Lung cancer is sometimes seen as the invisible cancer, the one that people bring on themselves through smoking or other bad decisions. But the truth of the matter is that on average, more people die in the UK from lung cancer than any other type of cancer, accounting for 21% of all cancer deaths.
It is also an illness which tends to affect those from deprived areas of England more than others, taking older patients more readily than those who are aged between 18-39 https://scienceblog.cancerresearchuk.org/2011/07/08/new-horizons-for-lung-cancer/. Its survival rate has not improved much over the past 40 years, which is thought to be down to the lack of early lung cancer diagnosis. Those with the disease are unlikely to show any symptoms until the cancer has developed significantly. Clinical trial advances in lung cancer have also been slow, particularly when compared to other cancers such as breast and cervical cancer.
Clinical trials involving lung cancer screening are not a new concept. These began in the 1950s where UK and US men who were thought to be at risk were offered chest X-rays to rule out possible cancer. The trial was considered a failure as it didn’t reduce the number of lung cancer deaths. The trials were shelved. Further scans in the late 1970s also had disappointing results, despite using CT scans. This also added concerns of radiation exposure. The 1990s saw even more trials take place, but despite improved CT technology, these were hampered by small trial numbers.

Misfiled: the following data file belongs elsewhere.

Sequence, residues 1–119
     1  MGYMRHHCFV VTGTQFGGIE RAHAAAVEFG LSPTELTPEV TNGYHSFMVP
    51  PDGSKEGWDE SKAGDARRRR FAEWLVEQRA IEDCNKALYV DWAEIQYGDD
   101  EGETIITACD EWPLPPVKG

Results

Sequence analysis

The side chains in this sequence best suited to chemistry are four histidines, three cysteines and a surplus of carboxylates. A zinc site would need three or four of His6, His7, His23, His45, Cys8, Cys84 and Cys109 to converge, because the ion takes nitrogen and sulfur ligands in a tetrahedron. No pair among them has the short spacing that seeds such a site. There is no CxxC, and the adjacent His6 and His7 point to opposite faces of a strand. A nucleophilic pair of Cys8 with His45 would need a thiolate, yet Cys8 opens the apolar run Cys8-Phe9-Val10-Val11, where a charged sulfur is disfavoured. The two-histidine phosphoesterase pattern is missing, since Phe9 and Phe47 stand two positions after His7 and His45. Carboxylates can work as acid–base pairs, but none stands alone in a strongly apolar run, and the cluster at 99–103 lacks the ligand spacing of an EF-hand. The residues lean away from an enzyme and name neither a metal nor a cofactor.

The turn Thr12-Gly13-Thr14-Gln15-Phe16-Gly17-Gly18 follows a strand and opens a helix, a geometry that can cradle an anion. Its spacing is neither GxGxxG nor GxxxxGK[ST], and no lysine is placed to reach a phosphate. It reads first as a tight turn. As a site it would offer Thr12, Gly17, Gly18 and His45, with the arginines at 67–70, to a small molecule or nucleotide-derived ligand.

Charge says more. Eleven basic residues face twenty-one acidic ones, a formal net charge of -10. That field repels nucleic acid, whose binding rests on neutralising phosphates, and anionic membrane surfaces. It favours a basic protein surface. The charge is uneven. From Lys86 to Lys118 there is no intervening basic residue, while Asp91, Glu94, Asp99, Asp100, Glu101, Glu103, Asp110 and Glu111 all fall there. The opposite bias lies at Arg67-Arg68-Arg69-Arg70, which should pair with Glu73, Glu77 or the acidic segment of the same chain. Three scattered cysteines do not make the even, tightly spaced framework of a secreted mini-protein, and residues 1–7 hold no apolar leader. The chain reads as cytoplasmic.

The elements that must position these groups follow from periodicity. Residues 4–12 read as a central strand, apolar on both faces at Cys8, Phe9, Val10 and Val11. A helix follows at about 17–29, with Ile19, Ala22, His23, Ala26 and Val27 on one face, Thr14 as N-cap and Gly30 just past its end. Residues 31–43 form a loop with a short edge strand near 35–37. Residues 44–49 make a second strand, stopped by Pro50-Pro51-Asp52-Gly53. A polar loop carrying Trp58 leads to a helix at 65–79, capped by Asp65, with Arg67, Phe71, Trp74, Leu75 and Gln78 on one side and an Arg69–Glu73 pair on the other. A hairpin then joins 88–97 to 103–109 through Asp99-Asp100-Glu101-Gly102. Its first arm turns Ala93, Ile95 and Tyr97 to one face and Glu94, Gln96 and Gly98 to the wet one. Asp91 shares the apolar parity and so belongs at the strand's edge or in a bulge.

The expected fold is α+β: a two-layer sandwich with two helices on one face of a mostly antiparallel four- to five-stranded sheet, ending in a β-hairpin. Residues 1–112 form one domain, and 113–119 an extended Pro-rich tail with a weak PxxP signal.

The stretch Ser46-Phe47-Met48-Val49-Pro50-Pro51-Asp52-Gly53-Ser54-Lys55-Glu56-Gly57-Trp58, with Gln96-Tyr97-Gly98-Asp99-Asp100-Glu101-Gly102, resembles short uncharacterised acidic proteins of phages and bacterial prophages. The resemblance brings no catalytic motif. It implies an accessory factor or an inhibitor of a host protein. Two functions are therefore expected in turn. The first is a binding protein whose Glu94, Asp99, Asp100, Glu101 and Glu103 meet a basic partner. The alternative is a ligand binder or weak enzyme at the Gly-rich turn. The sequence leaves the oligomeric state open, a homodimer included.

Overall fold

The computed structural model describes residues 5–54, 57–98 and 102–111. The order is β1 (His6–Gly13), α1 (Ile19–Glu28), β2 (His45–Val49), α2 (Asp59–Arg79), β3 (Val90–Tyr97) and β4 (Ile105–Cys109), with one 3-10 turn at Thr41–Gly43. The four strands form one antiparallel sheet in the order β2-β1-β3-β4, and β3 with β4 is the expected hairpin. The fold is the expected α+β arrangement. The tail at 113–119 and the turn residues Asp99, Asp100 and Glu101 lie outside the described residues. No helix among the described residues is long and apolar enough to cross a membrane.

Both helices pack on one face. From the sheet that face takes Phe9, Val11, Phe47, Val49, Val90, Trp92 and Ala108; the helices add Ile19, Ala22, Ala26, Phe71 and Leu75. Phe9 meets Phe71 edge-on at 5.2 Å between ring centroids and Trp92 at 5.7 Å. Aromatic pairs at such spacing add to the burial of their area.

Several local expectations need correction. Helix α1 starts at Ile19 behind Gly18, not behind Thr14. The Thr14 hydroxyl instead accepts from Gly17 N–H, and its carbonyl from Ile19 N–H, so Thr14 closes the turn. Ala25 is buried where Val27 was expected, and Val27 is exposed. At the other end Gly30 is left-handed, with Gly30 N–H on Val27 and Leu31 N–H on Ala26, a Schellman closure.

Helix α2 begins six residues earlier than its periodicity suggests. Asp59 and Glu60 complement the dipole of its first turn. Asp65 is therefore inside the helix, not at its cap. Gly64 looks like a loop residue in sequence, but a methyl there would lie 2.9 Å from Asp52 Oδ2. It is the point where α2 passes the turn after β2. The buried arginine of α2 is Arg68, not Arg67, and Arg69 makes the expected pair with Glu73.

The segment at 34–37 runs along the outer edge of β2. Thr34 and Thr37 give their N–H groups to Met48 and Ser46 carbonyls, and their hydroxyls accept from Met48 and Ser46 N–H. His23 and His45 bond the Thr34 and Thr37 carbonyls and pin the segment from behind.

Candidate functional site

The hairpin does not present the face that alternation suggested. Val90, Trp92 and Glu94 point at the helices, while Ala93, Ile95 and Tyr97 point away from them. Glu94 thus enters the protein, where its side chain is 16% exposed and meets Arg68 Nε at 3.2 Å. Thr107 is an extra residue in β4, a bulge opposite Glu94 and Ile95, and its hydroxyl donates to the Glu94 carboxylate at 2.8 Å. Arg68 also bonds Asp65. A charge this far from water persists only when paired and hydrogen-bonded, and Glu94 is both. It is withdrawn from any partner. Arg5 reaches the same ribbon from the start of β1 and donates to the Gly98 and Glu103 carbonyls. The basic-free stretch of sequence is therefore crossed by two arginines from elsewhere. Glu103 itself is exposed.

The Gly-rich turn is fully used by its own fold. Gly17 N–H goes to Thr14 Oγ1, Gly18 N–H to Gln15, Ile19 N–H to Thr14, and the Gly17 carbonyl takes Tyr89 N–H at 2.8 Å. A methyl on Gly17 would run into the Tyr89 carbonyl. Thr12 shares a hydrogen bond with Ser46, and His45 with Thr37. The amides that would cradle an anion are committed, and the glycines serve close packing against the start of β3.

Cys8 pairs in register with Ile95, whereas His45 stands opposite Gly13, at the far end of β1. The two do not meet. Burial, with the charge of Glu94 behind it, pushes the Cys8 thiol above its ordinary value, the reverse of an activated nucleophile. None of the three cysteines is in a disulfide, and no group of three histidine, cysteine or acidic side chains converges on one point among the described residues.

It wasn’t until 2002 that larger scale adaptive phase 1 clinical studies such as those offered at Richmond Pharmacology richmondpharmacology.com/specialist-services/adaptive-phase-i-studies were introduced that the world began to take notice. A group of 53,000 volunteers were screened for stage 1 lung cancer annually for three years using CT scans vs chest X-rays. Exciting results showed a 20% reduction in the number of lung cancer deaths amongst the test group when compared to those with X-rays only.
However, any clinical trial has limitations. We still do not fully understand how lung cancer develops. Some cancers require no treatment at all as our immune system can deal with them effectively. Screening in some cases, then, is unnecessary. Perhaps more research is required into the biology of the disease itself before diagnostic research is completed.